Freemasonry is the oldest and largest world wide fraternity dedicated to the Brotherhood of Man under the Fatherhood of a Supreme Being. Although Freemasonry is not a religion, it urges its members, however, to be faithful and devoted to their own religious beliefs.
Masons, when asked such a question, will give different answers, in their own words, based on their own perceptions, experience and education. The most common answer is "a peculiar system of morality, based on allegory and illustrated with symbols".
The lessons Freemasonry teaches through its ceremonies are to do with moral values (governing relations between people) and its acknowledgement, without in any way crossing the boundaries of religion.
All Freemasons are taught that any duties which they have as a Freemason come only after their duties to family, work, and faith. In no circumstances should their membership interfere with these aspects of their lives. Freemasons feel that these lessons apply just as much today as they did when it took its modern form at the turn of the 17th century.
Another way of explaining, “What Freemasonry is”, is to detail what it is not.
Freemasonry and Religion:
Its essential qualification opens it to men of many religions, and it expects them to continue to follow their own faith. All Freemasons are required to profess and continue in a belief in a Supreme Being.
It has no theology, nor sacraments, and it does not claim to lead to or offers no answers on matters of salvation, as these are the preserve of churches. All Freemasons are encouraged to find answers to such questions through their own faith, religion and church. Members are urged to respect the teaching of their own faith and not to allow Freemasonry to infringe, in any way, on the member's duty to their mosque, church, synagogue, etc. For this reason Lodges in Christian countries do not meet on Sundays. Lodges within Jewish communities do not meet on Saturdays and Lodges with a predominately Muslin membership will respect the Holy Days of that faith.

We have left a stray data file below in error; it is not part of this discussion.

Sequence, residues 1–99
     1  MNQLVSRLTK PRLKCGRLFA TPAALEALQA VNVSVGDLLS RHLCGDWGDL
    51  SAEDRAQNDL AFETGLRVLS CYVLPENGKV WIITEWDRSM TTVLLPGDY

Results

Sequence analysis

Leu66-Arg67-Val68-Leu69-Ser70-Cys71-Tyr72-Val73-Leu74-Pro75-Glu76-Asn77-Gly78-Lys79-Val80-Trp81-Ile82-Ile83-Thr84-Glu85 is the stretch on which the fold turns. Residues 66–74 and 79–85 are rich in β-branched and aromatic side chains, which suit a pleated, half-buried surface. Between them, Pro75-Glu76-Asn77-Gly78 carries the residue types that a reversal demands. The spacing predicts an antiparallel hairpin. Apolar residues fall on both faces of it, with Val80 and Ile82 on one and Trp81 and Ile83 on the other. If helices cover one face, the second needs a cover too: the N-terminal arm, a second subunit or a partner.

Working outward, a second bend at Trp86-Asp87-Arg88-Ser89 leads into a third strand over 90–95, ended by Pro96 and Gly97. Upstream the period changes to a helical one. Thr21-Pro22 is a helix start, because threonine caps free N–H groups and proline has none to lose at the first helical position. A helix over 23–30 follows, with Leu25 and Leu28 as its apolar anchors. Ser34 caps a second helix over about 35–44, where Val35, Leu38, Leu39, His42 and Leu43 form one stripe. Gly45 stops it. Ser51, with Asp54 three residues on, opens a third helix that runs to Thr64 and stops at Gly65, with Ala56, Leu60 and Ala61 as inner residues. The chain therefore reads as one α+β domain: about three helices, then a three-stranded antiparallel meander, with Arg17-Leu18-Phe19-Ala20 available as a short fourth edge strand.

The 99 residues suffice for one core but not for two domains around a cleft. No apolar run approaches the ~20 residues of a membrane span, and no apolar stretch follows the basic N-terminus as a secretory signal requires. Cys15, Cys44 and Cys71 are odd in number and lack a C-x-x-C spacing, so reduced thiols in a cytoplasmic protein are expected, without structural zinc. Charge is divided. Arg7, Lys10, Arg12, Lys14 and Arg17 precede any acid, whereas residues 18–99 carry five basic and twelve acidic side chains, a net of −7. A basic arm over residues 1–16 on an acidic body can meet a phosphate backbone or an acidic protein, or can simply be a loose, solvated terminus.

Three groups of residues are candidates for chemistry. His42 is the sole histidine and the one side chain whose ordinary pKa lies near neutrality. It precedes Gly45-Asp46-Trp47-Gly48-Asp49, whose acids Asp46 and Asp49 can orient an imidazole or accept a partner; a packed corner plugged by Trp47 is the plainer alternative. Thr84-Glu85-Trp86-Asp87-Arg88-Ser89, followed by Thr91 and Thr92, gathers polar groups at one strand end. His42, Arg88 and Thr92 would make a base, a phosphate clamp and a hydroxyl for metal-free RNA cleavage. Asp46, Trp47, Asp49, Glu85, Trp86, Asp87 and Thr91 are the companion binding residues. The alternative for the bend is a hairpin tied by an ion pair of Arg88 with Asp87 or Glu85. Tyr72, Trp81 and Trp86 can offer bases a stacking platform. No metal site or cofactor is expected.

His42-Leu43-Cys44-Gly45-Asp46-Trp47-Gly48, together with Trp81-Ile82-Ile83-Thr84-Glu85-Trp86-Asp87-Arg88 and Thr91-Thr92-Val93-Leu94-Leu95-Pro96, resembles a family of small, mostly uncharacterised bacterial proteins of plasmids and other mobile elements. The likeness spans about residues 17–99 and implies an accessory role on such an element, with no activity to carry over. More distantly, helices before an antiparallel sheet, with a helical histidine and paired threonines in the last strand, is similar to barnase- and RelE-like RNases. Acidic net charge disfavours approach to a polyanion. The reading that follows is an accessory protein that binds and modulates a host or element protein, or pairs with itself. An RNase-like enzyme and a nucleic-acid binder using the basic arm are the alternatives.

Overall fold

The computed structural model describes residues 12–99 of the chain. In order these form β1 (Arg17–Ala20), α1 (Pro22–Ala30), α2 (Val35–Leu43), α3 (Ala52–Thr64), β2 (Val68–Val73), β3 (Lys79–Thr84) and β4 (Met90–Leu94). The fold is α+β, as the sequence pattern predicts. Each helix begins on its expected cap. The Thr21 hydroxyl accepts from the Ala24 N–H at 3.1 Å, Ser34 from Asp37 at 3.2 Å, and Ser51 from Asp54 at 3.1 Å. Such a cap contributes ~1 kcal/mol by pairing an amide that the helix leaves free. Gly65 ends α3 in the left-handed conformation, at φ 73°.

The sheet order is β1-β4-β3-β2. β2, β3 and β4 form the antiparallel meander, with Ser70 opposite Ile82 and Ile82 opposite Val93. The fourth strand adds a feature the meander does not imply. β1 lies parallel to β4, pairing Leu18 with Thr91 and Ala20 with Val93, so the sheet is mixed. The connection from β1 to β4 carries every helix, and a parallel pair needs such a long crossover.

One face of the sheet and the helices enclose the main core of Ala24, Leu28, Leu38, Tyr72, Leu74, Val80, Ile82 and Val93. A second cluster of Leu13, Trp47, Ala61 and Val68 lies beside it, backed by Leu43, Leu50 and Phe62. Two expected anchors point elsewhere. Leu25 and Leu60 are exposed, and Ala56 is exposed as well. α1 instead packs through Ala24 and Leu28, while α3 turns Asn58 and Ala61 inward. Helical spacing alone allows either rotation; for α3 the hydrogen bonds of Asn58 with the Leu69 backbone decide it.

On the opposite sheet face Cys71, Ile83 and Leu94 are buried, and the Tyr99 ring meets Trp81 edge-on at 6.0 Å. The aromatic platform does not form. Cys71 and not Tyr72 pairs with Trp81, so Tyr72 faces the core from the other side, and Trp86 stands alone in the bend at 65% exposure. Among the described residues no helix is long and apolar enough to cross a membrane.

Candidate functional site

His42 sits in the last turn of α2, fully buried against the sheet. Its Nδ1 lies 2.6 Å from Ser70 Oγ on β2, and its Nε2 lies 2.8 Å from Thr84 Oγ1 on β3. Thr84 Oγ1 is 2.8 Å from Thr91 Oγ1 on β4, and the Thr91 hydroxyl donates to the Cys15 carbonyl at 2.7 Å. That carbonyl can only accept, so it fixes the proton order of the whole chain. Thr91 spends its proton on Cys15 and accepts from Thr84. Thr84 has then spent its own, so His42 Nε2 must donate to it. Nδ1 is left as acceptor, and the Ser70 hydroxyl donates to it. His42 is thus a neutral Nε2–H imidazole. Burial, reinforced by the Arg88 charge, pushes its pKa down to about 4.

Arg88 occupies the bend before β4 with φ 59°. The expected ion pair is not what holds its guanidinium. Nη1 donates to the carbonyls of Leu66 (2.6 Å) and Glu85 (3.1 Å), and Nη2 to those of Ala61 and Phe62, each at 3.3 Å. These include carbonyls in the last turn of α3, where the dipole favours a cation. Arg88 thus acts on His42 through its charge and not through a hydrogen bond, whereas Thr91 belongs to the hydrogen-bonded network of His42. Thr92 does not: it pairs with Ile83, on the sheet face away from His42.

Freemasonry and Politics:
The reason for religion and the discussion of politics at Masonic meetings are expressly forbidden stem from Freemasonry's aims to encourage its members to discover what people from all different backgrounds have in common.
Other reasons why Freemasonry cannot be called a secret society are that Freemasons do not promise to keep their membership secret. All members are free to acknowledge their membership, where and when Freemasons meet are matters of public record (you can look up Masonic centers in telephone directories) and our Constitutions, rules, principles and our aims are readily available to the public.
It is ironic that because Freemasons used to be reticent about their membership, as they were and still are taught never to use it to advance their own interests, critics have taken this the wrong way and think that there is something secretive going on. Nothing could be further from the truth.
Freemasonry and Society:
WHAT IT DOES
As a fraternity, Freemasonry provides an opportunity for men to meet and enjoy friendly companionship. In the spirit of helpfulness and brotherly love and guided by strict moral principles it encourages goodwill toward all mankind. Freemasonry is of a personal nature in its private ceremonies. Its ritual dramatizes a philosophy of life based on morality. It promotes self-improvement. The tools of operative masons are used to symbolize and teach the basic principles of brotherly love, charity, and truth, which Masons are encouraged to practice in their daily lives. Charity is a tangible way in which Masons help those whose circumstances in life fairly warrant it.
Our traditions can be traced directly to the associations of operative masons. They were men of outstanding character and high ideals, who built the cathedrals, abbeys, and castles of the Middle Ages.
With the decline of cathedral building in the 17th Century, many guilds of stonemasons, called "Operative" masons, started to accept into their membership those who were not members of the masons' craft and called them "Speculative" or "Accepted" masons.
Our traditions can be indirectly traced to the Knights Templar, but cannot be proven.
It was in these groups, called lodges, comprised mainly of "Accepted" masons that Freemasonry, as we know it today, had its beginning.
In 1717, four such lodges, which had been meeting regularly in London, united to form the first Grand Lodge of England under the direction of a Grand Master. From that first Grand Lodge, Freemasonry has spread throughout the world. Today, some 150 Grand Lodges have a total membership of approximately four million Masons.